What is a memory?
From a definitional standpoint, it’s our ability to encode, store, retain and recall past experiences.
From a personal standpoint, memories mean the world.
In my work with dementia patients and their family and professional caregivers, memory loss is a source of frustration and heartbreak. It is a symptom of dementia that leads to other complications involving a patient’s physical, mental and emotional well-being.
A recent study sheds light on a new brain training app that can help improve the memory of people who show early stages of dementia.
The app, called “Game Show,” and developed by researchers at the University of Cambridge, was used in the study. Members of the study made one-third fewer errors, required less trials and boosted their score by 40 percent.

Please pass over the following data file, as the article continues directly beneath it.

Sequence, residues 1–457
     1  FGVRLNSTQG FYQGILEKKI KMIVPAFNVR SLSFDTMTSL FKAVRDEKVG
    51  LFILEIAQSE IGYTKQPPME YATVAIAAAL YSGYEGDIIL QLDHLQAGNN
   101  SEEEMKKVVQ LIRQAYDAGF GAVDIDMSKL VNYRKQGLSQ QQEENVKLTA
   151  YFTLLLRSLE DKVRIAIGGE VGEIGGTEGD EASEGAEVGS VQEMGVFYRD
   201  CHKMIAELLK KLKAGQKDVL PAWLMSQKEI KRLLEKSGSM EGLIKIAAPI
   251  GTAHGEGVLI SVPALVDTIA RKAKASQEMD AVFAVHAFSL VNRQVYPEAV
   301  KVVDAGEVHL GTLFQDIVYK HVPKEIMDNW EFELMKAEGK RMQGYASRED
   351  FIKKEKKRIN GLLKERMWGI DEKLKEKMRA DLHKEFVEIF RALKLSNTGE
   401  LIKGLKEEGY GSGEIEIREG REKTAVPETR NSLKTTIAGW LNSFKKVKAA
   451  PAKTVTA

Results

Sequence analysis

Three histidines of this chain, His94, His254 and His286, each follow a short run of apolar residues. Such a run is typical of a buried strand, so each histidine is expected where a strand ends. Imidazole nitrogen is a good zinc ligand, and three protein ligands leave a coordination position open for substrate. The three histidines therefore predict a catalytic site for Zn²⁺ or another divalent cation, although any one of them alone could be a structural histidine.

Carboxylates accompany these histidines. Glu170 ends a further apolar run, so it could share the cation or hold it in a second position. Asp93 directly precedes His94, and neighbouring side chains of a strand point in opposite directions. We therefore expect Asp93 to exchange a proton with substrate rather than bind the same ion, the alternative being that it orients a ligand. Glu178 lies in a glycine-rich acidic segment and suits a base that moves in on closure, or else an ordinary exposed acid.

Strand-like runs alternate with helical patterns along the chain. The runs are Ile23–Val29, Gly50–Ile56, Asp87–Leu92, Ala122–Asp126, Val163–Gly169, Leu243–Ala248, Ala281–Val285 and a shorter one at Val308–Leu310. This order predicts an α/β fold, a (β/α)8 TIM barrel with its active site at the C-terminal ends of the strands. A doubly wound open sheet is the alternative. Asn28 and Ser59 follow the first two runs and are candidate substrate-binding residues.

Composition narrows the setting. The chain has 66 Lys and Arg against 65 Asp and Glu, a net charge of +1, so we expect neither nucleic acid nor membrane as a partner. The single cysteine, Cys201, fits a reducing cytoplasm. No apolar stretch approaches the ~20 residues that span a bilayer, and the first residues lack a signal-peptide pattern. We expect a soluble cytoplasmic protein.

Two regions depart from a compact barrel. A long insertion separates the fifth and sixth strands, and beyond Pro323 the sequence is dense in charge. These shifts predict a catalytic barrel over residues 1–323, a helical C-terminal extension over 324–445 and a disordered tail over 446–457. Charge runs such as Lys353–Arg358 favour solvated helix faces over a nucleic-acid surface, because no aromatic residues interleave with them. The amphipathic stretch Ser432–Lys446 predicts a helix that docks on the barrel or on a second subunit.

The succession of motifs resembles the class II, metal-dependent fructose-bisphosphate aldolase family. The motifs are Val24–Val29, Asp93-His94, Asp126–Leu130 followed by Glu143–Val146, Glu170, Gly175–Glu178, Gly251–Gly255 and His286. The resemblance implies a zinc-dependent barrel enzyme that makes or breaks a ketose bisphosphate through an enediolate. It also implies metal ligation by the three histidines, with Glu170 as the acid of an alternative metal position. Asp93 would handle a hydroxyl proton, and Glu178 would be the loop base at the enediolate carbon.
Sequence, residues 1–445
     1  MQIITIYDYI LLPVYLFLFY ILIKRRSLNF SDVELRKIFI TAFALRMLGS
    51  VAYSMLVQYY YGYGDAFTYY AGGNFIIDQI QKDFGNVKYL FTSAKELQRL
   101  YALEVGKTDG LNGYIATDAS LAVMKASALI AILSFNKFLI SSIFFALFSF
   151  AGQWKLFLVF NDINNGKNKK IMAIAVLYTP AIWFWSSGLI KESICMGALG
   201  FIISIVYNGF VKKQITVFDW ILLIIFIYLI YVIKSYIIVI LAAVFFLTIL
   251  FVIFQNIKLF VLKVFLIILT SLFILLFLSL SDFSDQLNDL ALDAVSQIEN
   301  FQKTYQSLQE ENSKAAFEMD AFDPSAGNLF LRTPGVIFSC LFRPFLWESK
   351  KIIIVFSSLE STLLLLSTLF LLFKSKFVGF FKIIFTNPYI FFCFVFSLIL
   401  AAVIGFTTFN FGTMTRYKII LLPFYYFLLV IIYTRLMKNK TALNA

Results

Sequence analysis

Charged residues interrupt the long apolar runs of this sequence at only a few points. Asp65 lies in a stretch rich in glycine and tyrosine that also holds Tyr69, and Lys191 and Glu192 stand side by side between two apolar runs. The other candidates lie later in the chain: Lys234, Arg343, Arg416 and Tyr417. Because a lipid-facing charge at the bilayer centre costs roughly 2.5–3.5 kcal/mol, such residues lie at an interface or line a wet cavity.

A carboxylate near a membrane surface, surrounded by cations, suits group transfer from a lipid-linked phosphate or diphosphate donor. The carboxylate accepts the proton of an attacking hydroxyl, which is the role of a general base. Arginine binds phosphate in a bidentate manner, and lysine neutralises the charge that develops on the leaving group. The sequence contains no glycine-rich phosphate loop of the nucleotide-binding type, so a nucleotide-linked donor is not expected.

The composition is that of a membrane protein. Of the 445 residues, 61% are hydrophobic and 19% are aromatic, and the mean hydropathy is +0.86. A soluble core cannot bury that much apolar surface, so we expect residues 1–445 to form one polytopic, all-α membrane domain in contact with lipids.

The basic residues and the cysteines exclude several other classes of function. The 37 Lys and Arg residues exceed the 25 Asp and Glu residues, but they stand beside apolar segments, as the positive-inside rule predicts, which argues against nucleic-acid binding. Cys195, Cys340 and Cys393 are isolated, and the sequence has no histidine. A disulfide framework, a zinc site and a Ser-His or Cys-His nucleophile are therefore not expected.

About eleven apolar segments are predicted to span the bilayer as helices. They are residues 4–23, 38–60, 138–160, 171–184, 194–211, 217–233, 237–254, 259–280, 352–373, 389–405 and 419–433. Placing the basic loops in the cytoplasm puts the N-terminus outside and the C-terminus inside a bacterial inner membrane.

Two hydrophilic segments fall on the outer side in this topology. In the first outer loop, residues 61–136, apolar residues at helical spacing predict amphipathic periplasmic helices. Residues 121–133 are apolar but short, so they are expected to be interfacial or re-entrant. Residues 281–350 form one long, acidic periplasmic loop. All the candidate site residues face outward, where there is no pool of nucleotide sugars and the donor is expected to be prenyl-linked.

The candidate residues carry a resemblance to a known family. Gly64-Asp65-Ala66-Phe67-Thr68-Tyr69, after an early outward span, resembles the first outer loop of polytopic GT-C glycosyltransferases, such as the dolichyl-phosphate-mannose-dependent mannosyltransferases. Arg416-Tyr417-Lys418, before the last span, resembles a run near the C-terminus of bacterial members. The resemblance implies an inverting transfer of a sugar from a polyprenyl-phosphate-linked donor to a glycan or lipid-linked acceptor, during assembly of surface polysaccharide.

Here, the study provides a true silver lining: those who engaged in gamified cognitive training improved episodic memory (ability to retain and details about events) and retained more complex visual information. Furthermore, participants felt more confidence and even enjoyment at the challenges of the game.
This is welcoming news to family members who would do anything to help lessen the burden their family members carry when they begin to lose their ability to recall special moments and everyday events that are vital to their independence and happiness.
Memory games face criticism because some contend they only help participants improve their memory within the context of the game. While others say such a game may not help reverse memory loss, but they certainly do not hurt.
The app targets people with amnestic mild cognitive impairment, which is a stage between healthy aging and dementia.